Date: 15 March 2011 

On tonight’s program we’ll be talking about the concept of “ecosocialism,” which our guest Joel Kovel, argues is essential to saving the earth. Capitalism, he says, just won’t do it, because the profit motive drives the capitalist system to exploitation of the earth and its inhabitants.

Listen to the Program

Our Coversation with Joel Kovel:

Our guest tonight is Joel Kovel, who is editor of the journal Capitalism Nature Socialism; the title sums up or focus tonight. In 2001, he and Michael Löwy published The Ecosocialist Manifesto, and in 2002 he published a book (revised in 2007) called The Enemy of Nature: The End of Capitalism or the End of the World?. \

  • You’ve had a long career in medicine, psychiatry, education, and social and political activism. Please give us a little of your biography–how did you get to be an ecosocialist?
  • Your book subtitle puts the choice bluntly, “the end of capitalism or the end of the world.” In that book you also quote Rosa Luxemburg, who says we have a choice between “barbarism or socialism.” Please tell us about what you see as the role of capitalism in undermining the environment. Why is capitalism at war with nature? Can it bring an end to the world?
  • You argue that capitalism is not bound by absolute laws, but by traditions and conventions. Is capitalism incapable of green reform? (e.g. carbon cap-and-trade, wind power, solar power)?
  •  In fact, you are pretty hard on a number of current environmental movements. You write of faux good news, a “puerile mish-mash, of local cleanup efforts, greenwashings of one kind or another, the hucksterings, of green capitalists, various techno-fixes, and the noises made by government agencies.” Are well-meant individual green efforts pointless?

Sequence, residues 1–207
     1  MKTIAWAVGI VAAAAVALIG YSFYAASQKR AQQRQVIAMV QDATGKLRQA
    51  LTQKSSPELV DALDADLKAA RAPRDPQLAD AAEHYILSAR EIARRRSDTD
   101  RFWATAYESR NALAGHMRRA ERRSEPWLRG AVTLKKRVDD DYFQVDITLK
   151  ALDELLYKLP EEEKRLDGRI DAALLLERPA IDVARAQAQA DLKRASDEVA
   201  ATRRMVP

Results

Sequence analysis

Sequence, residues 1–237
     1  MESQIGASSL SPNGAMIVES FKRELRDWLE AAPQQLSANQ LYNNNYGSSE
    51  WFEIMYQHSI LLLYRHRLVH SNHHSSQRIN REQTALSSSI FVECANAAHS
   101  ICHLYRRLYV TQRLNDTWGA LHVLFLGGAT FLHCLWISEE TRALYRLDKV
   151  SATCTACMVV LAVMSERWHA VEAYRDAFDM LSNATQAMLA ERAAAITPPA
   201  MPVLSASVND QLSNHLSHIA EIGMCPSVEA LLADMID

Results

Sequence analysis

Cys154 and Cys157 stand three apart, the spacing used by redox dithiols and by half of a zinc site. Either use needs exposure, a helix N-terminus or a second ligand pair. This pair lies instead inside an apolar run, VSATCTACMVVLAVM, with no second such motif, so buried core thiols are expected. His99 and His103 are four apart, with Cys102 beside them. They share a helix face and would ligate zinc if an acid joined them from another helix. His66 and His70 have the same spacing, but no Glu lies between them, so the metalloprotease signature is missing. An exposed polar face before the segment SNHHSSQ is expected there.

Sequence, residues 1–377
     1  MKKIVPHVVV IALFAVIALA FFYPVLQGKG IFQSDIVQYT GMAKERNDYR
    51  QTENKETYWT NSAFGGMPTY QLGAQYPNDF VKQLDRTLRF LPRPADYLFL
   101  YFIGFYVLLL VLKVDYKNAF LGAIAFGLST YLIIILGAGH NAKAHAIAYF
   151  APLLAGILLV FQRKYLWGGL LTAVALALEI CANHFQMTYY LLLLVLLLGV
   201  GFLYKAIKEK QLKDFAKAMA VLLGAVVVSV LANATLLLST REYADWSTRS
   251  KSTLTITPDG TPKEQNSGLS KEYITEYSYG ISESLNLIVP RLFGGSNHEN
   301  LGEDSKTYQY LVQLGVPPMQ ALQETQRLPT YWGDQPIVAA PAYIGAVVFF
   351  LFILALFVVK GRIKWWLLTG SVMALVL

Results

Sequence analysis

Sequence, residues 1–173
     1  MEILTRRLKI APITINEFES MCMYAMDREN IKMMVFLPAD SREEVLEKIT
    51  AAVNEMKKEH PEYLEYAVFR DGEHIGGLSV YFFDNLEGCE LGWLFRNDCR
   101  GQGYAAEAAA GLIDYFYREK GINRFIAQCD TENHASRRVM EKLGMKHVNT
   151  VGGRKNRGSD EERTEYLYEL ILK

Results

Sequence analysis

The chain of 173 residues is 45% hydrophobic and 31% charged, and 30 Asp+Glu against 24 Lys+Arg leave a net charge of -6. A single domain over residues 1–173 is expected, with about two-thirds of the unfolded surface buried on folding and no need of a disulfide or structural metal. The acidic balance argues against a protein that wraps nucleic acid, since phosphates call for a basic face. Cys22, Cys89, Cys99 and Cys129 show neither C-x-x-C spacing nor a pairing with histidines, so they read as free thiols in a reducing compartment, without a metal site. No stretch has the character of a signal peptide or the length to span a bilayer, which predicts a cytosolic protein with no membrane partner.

• You are also critical of Kyoto, (and, we are assuming, Copenhagen). Can’t/won’t world governments save the world from capitalism?
  •  Here’s a question you ask yourself in the Manifesto: “But why socialism, why revive this word seemingly consigned to the rubbish-heap of history by the failings of its twentieth century interpretations?”
  • What are the major tenets of ecosocialism? (Perhaps you can describe some of them.)
  • How might/must the ecosocialist revolution come about? Who will lead it? What form will it take? Will it be violent? Might the actions Republicans in Wisconsin lead to a people’s rebellion? Might the health care crisis bring us to ecosocialism? What does Katrina teach us about the possibility for ecosocialism?
  •  Please describe your vision of an ecosocialist planet after the revolution. [Our program title is taken from Ernest Callenbach’s 1973 novel, Ecotopia. If you’re familiar with Callenbach’s vision, could you offer a few comments on Ecotopia as an ecosocialist kind of state?]
  • It’s difficult from your writing to see the precise role of the individual in bringing about ecological change. Please give our listeners (and us) some ideas about individual engagement. What can/should/might we be doing? Can you recommend additional sources or organizations for action?

You can also learn more about Joel Kovel and his work at his website (which also includes a copy of the Ecosocialist Manifesto) and at a detailed article on Wikipedia . 

Joel Kovel <>

Wikipedia < >

Nature Capitalism Socialism <>

Playlist for Ecotopia #128: Ecosocialism 1. Fast Paced World 3:52 The Duhks Fast Paced World
2. Revolution 1 4:16 The Beatles The Beatles (White Album)
3. It’s Money That I Love 3:43 Randy Newman It’s Lonely At The Top
4. The Penguin 2:50 Don Byron Bug Music
5. Weave Me the Sunshine 4:28 Peter, Paul And Mary The Very Best of Peter, Paul and Mary
6. Doctor My Eyes (LP Version) 3:20 Jackson Browne Jackson Browne
7. A Hard Rain’s A-Gonna Fall 6:57 Bob Dylan The Freewheellin’ Bob Dylan